Skip to comments.Joe Galloway: Out of Iran Tragedy Is Born U.S. Special Operations Command - Op Detachment-Delta
Posted on 04/18/2005 11:15:51 PM PDT by Former Military Chick
WASHINGTON - It was a quarter-century ago this month, April 24, 1980, that the secret American raid into Iran to rescue 53 hostages from the U.S. Embassy in Tehran collapsed in disaster on a make-shift airstrip in the middle of the Iranian desert.
The embarrassingly public failure of the raid, code-named Operation Eagle Claw, was a low-water mark for the Carter administration and for our military as well, still struggling to get back on its feet in the wake of the debacle in Vietnam just five years before.
Eight American servicemen died when the raid came apart with the fiery collision of a Marine RH-53 helicopter and an Air Force EC-130 on the ground. President Jimmy Carter had already ordered the mission aborted when too few helicopters were still usable after a low-level flight into Iran from an American aircraft carrier out to sea.
With the raid the world also got its first partial look at a super-secret U.S. Army Special Operations force known as Operational Detachment-Delta and its legendary founding commander, Col. Charlie Beckwith, a Special Forces and 101st Airborne Division veteran of two tours in Vietnam.
Carter announced the failure and, appropriately, took full responsibility for it. He had micro-managed the operation from the White House and bent to pressure from all the services for a piece of the action and the glory.
Beckwith's forces did not own their own transportation, so the Air Force would haul the raiders into the staging and refueling area deep in the Iranian desert by C-130 turboprop transport planes, while Marine helicopters that would ferry the Delta operators from the airstrip to Tehran came in from the sea.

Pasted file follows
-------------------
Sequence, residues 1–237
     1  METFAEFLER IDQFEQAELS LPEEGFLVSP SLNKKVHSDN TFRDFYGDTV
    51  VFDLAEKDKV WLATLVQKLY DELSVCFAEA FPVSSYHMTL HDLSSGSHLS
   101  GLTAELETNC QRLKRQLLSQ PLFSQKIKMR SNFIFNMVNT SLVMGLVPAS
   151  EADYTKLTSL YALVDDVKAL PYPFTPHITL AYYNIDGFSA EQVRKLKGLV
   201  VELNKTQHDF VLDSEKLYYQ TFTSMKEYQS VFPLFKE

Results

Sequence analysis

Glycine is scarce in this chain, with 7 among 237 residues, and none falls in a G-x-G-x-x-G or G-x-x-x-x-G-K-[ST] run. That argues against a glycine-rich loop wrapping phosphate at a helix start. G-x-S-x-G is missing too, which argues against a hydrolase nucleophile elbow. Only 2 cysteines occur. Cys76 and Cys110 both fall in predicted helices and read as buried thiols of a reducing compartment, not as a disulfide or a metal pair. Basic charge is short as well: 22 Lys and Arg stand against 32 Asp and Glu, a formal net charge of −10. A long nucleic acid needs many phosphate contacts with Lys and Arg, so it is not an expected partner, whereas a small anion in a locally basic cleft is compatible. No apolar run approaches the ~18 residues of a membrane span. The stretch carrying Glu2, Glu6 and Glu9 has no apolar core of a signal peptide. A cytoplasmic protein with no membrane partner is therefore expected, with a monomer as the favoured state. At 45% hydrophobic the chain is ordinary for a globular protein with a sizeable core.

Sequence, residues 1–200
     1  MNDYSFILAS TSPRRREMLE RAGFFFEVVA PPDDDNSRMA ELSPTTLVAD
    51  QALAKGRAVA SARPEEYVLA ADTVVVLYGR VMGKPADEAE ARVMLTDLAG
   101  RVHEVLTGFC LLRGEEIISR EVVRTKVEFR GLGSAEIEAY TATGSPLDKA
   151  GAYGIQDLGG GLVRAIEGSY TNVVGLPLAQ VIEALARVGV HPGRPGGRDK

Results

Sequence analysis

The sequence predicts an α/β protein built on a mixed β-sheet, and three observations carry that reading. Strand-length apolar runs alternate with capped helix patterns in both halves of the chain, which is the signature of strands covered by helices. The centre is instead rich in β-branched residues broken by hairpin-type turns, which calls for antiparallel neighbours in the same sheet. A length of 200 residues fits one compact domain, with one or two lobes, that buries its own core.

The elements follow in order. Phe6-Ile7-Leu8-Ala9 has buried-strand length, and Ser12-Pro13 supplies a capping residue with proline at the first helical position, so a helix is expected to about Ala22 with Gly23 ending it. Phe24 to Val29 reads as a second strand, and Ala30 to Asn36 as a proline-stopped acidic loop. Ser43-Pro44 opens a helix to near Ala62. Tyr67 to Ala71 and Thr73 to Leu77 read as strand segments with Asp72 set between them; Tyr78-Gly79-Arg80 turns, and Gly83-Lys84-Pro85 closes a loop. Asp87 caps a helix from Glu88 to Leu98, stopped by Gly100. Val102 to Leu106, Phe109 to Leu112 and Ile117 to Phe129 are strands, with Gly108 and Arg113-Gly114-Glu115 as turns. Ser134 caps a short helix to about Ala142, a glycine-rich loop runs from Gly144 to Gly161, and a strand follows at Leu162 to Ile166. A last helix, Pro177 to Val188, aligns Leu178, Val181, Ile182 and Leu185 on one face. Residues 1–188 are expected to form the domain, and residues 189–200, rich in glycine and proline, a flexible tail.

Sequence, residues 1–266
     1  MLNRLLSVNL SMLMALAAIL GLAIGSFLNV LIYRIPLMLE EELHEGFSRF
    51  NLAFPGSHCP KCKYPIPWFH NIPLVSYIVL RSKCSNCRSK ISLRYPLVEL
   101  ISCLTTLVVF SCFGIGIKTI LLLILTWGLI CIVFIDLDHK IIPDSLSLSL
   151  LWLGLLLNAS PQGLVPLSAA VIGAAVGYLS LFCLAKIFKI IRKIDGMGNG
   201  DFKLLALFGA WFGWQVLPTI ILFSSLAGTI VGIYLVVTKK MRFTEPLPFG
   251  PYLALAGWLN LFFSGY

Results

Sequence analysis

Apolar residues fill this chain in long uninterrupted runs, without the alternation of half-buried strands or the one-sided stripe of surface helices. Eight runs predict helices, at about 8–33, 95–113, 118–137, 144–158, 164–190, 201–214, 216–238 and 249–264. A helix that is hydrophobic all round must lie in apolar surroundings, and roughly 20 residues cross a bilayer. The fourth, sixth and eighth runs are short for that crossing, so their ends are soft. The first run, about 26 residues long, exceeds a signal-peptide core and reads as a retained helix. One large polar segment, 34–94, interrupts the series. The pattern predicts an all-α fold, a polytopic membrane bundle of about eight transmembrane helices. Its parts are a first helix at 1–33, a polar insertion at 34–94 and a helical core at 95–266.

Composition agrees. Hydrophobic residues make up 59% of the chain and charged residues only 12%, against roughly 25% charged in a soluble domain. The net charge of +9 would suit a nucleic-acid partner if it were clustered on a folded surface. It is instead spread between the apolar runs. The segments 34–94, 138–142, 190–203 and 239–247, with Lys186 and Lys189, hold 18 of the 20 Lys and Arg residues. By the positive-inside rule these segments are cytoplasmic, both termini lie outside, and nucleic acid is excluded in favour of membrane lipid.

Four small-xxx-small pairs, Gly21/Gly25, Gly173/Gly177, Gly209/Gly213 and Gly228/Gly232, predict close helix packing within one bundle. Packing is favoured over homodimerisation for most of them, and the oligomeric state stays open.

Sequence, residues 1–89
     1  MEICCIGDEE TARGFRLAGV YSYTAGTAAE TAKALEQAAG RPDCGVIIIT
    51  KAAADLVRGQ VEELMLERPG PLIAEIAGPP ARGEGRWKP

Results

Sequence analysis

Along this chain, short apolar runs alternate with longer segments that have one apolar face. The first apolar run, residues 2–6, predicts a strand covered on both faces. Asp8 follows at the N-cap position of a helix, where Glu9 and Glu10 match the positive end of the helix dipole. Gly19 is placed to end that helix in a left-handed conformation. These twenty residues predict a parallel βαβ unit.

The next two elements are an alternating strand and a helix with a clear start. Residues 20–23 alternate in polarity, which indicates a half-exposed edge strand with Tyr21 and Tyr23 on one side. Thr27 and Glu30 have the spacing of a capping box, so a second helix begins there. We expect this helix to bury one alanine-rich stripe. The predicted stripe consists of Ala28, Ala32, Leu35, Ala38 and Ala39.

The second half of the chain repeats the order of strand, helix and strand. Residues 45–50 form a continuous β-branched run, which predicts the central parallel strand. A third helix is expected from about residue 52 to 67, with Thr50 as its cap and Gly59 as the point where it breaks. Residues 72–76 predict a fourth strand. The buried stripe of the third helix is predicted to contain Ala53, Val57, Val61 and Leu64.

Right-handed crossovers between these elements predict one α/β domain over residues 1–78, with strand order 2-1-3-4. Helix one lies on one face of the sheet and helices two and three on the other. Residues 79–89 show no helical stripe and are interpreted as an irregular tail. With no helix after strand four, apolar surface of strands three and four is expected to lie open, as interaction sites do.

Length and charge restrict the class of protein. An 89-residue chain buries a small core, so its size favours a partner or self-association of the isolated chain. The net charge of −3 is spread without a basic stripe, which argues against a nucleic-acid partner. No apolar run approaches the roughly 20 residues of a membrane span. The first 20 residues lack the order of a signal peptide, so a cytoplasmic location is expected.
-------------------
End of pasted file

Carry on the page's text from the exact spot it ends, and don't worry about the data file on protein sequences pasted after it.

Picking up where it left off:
The helicopter crews had to be cobbled together from Marine, Navy and Air Force pilots at the last minute when it was discovered that some of the Marine pilots lacked the skills needed to fly such a mission.
A number of Operation Detachment-Delta operators and agents had already infiltrated into Tehran to help conduct the strike to rescue the 53 diplomats and Marine guards who were taken hostage when a mob seized the U.S. Embassy on Nov. 4, 1979.
Beckwith and higher-ranking supporters in the Pentagon had lobbied for the rescue mission to be carried out by the hostage-rescue experts of Delta, and had begun planning a rescue within hours of the seizure of the Americans.
But all that planning and hard work had come apart so disastrously. The raiders and the air crews, their secret airstrip now marked by the towering flames of burning aircraft, packed up and flew out on the remaining C-130s. Orders were given to destroy the helicopters but in the confusion they weren't carried out. The secret plans fell into the hands of the Iranians, and the Tehran agents working for the United States narrowly escaped capture themselves.
Some say the failure paralyzed the administration and led directly to Carter's defeat by Ronald Reagan the following November. The Iranians finally freed the hostages on the day Reagan was inaugurated, 444 days after they were seized.